The story concerns the wedding of Dino Corelli (Patrick Miller) and Margaret "Muffin" Brenner (Anna Christy). He's the son of Italian immigrant Luigi Corelli (Hadley) who married into the old money Sloan family of Lake Forest, Illinois under a mysterious agreement with family matriarch Nettie (Kathryn Harries). Nettie dies shortly into the first act, though most of the characters are unaware of her demise until later in the opera. Muffin is the daughter of the very nouveau riche Louisville trucking magnet "Snooks" Brenner (Delavan) and his wife "Tulip" (Lauren Flanigan). In the first act, we see that Dino met Muffin while attending a military school, the only school that would accept him; and that he may have impregnated Muffin's sister Buffy (Lauren Carter). Luigi's wife Victoria (Catherine Malfitano) missed the ceremony due to her addiction to morphine. She's enabled in that addiction by her brother-in-law Jules (Jake Gardner). He's an ex-physician who becomes attracted to Tulip and succeeds in arousing her urges and emotions. Victoria's sister Diana (Patricia Risley) is having a secret affair with the Sloan's Caribbean butler Randolph (Mark S. Doss). Nettie's sister Bea arrives in act two and romances the guest (Nolen), a paid professional guest and the only one of the 200 invited to show up. Dino's best man, Breedley (Brian Leerhuber), arrives after having missed the ceremony while spending a drunken night in jail. His efforts to break up the newly wedded couple seem motivated by more than the desire to join the military together with Dino, as we see when Breedley attempts to sober up a drunken Dino in a steamy shower. Hovering over them all is the wedding planner Rita Billingsley (Maria Kanyova), whose attention to detail and to the female guests gets a bit overpowering for some of the wedding party.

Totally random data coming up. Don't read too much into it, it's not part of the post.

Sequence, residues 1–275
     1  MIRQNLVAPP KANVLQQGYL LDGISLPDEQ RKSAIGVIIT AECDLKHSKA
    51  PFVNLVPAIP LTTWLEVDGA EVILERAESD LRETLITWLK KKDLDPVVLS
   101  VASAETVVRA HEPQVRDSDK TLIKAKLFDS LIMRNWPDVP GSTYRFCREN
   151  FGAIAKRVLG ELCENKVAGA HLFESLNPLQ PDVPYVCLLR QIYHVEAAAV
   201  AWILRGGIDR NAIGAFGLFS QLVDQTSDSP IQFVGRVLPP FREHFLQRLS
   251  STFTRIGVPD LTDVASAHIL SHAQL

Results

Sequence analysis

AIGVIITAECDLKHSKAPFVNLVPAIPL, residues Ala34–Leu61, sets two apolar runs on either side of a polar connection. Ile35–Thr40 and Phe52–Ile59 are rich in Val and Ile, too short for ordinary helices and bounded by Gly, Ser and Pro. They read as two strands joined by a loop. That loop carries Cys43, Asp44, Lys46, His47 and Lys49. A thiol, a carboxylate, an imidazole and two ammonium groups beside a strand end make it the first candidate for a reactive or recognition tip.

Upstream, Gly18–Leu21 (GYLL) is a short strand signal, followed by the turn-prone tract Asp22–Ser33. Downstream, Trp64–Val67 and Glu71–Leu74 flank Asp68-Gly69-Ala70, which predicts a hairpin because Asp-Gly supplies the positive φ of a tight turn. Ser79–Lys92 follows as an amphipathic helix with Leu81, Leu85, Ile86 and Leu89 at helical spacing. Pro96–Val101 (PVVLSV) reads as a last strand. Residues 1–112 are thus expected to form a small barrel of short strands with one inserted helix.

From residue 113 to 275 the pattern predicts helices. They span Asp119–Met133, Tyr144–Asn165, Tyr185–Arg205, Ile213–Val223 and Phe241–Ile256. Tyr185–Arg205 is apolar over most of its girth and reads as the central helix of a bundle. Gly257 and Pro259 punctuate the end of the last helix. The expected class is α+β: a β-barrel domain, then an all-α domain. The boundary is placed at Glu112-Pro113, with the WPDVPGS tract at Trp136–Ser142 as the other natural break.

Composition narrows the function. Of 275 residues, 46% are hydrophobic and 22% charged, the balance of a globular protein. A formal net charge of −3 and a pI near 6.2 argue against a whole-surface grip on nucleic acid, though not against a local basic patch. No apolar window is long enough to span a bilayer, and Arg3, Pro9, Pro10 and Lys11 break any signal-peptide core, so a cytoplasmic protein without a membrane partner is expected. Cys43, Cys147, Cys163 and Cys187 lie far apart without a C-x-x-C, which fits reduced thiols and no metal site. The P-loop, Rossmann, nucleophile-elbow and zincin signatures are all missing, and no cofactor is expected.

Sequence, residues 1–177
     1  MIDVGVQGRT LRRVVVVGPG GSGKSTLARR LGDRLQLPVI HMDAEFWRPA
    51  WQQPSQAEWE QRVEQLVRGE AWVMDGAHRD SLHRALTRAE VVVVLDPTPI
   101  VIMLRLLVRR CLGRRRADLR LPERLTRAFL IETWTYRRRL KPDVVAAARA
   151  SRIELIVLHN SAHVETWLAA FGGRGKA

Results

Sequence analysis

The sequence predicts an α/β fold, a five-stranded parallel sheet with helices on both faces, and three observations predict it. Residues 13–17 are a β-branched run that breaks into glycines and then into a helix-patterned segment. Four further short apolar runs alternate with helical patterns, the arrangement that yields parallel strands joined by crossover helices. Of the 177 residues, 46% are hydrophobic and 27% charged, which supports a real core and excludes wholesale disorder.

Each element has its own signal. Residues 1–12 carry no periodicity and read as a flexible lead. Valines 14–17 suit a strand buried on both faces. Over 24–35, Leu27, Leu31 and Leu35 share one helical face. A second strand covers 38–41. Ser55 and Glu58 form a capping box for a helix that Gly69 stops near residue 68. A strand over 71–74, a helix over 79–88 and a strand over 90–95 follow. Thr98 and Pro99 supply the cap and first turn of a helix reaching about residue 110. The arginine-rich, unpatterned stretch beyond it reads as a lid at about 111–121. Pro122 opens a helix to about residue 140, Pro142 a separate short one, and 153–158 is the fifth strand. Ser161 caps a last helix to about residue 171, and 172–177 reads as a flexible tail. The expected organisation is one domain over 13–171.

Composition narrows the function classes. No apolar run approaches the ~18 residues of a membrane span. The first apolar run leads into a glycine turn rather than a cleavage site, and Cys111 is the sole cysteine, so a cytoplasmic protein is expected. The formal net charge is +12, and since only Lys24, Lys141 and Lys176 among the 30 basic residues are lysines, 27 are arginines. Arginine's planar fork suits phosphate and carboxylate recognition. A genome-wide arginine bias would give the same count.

Altman's films are amazing enough on film for their ability to involve the audience in a multiplicity of characters and subplots (connected to each other, though sometimes loosely so) and wrap them into a coherent whole in two or three hours. Though he and his co-librettist Arnold Weinstein have pared down the number of major characters from 48 in the film to 16, the opera still very much has the rich feeling of an Altman film. Lacking film's ability for quick cutting between scenes and locales, on stage Altman accomplishes much of the same effect by switching emphasis among characters in the major settings like the ballroom, a mirrored powder room with multiple compartments used to farcical effect, and an outdoor patio. The set, designed by Robin Wagner (The Producers, City of Angels and The Boy from Oz as well as many opera productions) creates the elegance of the Sloan mansion around a huge circular stairway that doubles as a garden walk. Nettie's bedroom and Dino's bathroom are on elevated "second-story" platforms. The loss of close-ups is a disadvantage in keeping the many characters straight, though (and few people are very close up to the action at the huge Civic Opera House). The costumes of Dona Granata (Amour), elegant and beautiful as they are, add to the confusion by quite realistically making all the female members of the wedding look rather alike.